12. Why is APR used to compare long-term loans?

    The widespread use of annual percentage rate, or APR, received a boon with the passing of the Truth in Lending Act, or TILA, ... Read Full Answer >>
  13. What are the basic requirements to qualify for a payday loan?

    Payday loans, also known as cash advances, are short-term, low-balance, high-interest loans typically at usury rates that ... Read Full Answer >>
  14. What is the difference between an interest rate and an annual percentage rate (APR)?

    When evaluating the cost of a loan or line of credit, it's important to understand the difference between the advertised ... Read Full Answer >>
  15. What is the difference between a fixed annual percentage rate (APR) and a variable ...

    The difference between a fixed annual percentage rate (APR) and a variable APR is the time at which the rate can be changed. ... Read Full Answer >>
  16. What is the difference between yields and interest rates?

    The main difference between yields and interest rates is that each term refers to different financial instruments. Yield ... Read Full Answer >>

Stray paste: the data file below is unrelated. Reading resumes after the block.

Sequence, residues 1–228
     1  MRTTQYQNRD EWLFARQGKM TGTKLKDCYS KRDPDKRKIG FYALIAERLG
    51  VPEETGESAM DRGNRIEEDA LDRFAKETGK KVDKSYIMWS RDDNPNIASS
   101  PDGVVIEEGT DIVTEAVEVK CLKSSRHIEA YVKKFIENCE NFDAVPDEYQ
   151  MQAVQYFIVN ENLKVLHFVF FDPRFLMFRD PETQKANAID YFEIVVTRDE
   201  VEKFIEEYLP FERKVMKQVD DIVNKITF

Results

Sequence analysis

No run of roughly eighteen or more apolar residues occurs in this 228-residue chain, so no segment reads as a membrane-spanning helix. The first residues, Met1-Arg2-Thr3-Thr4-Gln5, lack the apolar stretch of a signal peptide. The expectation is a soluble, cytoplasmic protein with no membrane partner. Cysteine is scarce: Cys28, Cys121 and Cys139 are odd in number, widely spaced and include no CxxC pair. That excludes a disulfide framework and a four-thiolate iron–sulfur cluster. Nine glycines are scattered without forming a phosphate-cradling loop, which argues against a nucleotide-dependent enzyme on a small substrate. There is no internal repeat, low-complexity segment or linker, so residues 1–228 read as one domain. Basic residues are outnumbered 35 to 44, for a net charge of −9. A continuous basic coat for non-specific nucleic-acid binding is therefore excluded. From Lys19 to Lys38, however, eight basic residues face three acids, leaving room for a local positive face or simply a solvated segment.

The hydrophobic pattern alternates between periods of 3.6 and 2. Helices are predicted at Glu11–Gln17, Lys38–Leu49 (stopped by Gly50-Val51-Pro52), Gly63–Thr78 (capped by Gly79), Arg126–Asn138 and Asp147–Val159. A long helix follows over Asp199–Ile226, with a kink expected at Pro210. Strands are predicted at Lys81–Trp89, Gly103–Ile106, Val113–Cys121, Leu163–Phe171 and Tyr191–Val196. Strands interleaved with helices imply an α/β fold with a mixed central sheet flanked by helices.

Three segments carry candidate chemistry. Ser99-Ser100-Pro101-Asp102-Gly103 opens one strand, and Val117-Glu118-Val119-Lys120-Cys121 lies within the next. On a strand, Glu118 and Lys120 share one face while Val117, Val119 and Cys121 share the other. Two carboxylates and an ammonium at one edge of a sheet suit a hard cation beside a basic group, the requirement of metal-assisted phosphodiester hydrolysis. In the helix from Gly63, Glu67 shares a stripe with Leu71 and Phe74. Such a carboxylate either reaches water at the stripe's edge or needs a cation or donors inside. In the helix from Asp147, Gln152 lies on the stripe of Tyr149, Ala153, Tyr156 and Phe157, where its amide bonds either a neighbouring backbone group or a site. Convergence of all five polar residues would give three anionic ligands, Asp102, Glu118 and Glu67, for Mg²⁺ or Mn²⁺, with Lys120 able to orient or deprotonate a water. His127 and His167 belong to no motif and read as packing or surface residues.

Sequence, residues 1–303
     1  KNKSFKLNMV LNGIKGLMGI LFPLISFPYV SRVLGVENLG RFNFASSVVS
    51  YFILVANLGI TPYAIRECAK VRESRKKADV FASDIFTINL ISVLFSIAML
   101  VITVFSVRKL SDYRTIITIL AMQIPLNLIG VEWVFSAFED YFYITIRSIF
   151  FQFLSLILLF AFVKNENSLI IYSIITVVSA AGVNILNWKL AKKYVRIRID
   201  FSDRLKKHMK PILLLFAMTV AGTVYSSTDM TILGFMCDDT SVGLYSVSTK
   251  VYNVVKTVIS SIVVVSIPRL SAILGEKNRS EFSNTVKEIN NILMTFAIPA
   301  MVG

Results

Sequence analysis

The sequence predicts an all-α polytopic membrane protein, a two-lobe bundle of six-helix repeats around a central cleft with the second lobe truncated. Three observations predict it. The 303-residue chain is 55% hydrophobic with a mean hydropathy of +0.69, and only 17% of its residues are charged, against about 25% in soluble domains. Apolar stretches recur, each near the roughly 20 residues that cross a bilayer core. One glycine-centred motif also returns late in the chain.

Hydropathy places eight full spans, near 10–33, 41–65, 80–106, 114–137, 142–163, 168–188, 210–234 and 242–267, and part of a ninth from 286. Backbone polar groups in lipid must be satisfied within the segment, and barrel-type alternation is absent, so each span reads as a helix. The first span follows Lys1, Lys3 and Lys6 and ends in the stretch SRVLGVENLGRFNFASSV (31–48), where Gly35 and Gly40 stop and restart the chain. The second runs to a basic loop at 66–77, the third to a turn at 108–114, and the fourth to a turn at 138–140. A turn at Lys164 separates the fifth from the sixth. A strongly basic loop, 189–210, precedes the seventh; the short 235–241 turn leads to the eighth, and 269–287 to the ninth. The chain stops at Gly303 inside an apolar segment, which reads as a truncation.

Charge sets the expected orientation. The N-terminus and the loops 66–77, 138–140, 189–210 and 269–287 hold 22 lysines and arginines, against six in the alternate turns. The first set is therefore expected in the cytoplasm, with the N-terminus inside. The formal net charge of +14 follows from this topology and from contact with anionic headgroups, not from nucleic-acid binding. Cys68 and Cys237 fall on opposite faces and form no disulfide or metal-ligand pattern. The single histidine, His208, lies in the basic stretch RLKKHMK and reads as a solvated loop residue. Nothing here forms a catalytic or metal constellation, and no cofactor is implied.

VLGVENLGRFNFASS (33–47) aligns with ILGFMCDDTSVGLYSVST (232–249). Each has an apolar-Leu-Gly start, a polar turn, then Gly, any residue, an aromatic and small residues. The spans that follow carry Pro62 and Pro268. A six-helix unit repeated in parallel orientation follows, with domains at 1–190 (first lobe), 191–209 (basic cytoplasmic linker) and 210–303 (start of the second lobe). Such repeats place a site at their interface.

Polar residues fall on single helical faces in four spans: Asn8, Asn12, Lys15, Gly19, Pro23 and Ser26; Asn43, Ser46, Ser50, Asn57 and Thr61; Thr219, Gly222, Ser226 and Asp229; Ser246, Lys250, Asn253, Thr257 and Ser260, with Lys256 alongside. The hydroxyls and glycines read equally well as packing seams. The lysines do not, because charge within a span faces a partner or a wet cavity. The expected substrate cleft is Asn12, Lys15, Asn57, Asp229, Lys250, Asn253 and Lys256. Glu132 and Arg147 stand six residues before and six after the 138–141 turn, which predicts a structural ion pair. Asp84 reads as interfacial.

You May Also Like

Hot Definitions
  1. Cyber Monday

    An expression used in online retailing to describe the Monday following U.S. Thanksgiving weekend. Cyber Monday is generally ...
  2. Bar Chart

    A style of chart used by some technical analysts, on which, as illustrated below, the top of the vertical line indicates ...
  3. Take A Bath

    A slang term referring to the situation of an investor who has experienced a large loss from an investment or speculative ...
  4. Black Friday

    1. A day of stock market catastrophe. Originally, September 24, 1869, was deemed Black Friday. The crash was sparked by gold ...
  5. Turkey

    Slang for an investment that yields disappointing results or turns out worse than expected. Failed business deals, securities ...
  6. Barefoot Pilgrim

    A slang term for an unsophisticated investor who loses all of his or her wealth by trading equities in the stock market. ...
Trading Center